After spending a year of graduate studies at Universidad de Sevilla and Cornell University, Lino Camprubí enrolled in the UCLA History department in 2006. He obtained his PhD in History from the University of California, Los Angeles, in 2011. His forthcoming book explores the links between science, technology and the transformation of the Spanish landscape in the first years of Franco’s dictatorship. There, he argues that scientists and engineers were active participants in shaping the Francoist political economy. He reaches this conclusion by examining the relationships between laboratories and the Spanish political economy and paying special attention to the circulation of material objects between laboratories and landscapes. In promoting this circulation, engineers exploited state resources. Both state and laboratory products were transformed in the process.
He joined TEUS through the Universidad Autónoma de Barcelona in early 2012. As part of TEUS, he endeavors to place Spanish geological, geophysical and oceanographic research in a broad transnational Cold War context. In particular, he analyzes international collaboration in uranium prospection, the place of phosphates in the failed decolonization process at the Western Sahara, and oceanography in the Strain of Gibraltar.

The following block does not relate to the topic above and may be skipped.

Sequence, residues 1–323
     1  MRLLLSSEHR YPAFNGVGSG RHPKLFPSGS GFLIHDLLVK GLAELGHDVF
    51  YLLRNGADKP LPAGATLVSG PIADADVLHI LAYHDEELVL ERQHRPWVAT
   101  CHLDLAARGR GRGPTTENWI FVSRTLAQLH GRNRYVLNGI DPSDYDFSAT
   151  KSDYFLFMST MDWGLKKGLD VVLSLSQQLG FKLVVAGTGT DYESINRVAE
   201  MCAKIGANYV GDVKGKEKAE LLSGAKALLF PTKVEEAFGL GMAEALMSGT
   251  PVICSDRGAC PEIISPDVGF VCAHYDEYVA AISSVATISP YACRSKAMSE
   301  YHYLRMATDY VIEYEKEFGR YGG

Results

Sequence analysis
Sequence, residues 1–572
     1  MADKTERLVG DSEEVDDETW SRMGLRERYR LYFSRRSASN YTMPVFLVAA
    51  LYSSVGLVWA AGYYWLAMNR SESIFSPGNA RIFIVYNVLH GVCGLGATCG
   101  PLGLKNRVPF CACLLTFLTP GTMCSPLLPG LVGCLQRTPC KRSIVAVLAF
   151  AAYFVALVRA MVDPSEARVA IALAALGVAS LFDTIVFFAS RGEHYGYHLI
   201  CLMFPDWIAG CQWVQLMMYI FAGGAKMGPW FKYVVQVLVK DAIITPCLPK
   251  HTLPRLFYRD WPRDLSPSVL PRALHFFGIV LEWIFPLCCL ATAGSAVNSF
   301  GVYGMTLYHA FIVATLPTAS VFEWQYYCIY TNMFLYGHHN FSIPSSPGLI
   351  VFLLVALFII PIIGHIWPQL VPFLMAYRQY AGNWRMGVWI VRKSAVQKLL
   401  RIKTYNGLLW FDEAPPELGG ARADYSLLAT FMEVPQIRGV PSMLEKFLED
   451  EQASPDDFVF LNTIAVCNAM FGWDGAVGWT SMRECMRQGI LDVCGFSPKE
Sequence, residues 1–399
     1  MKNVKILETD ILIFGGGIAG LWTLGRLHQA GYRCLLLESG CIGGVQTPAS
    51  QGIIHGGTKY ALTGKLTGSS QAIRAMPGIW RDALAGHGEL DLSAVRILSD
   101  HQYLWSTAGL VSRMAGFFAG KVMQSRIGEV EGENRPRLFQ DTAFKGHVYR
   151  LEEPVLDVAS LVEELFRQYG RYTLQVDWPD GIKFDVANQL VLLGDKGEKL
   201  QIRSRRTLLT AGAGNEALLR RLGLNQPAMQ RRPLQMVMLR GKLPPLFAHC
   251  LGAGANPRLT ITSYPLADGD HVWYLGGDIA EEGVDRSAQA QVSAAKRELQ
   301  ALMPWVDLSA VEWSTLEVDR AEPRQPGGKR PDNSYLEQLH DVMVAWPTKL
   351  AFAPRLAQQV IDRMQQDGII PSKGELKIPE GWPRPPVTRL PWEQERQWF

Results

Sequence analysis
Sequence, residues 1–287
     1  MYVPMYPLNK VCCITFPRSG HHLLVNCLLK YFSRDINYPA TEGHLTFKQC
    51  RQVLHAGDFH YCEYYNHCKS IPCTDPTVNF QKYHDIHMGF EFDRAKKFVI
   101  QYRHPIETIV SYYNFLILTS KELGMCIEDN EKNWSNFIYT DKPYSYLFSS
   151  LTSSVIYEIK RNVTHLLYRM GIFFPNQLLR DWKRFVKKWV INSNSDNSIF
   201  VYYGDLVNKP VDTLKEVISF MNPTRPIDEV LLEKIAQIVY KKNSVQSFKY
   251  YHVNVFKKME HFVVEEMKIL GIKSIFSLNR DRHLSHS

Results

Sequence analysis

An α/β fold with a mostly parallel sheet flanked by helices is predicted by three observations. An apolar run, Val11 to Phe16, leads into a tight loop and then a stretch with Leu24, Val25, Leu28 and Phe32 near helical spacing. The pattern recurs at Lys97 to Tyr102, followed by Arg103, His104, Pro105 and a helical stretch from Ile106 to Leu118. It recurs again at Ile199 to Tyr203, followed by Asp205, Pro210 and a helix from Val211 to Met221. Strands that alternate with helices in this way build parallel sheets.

He has presented this research first results at a number of conferences and invited talks in Manchester (Cold War, Blue Planet, 2012), Athens (ESHS, 2012), Lisbon (German Science in Southern Europe, 2012, and Shaping Landscapes, Building Expertise, 2013), Oviedo (Fundación Gustavo Bueno), and Barcelona (CEHIC).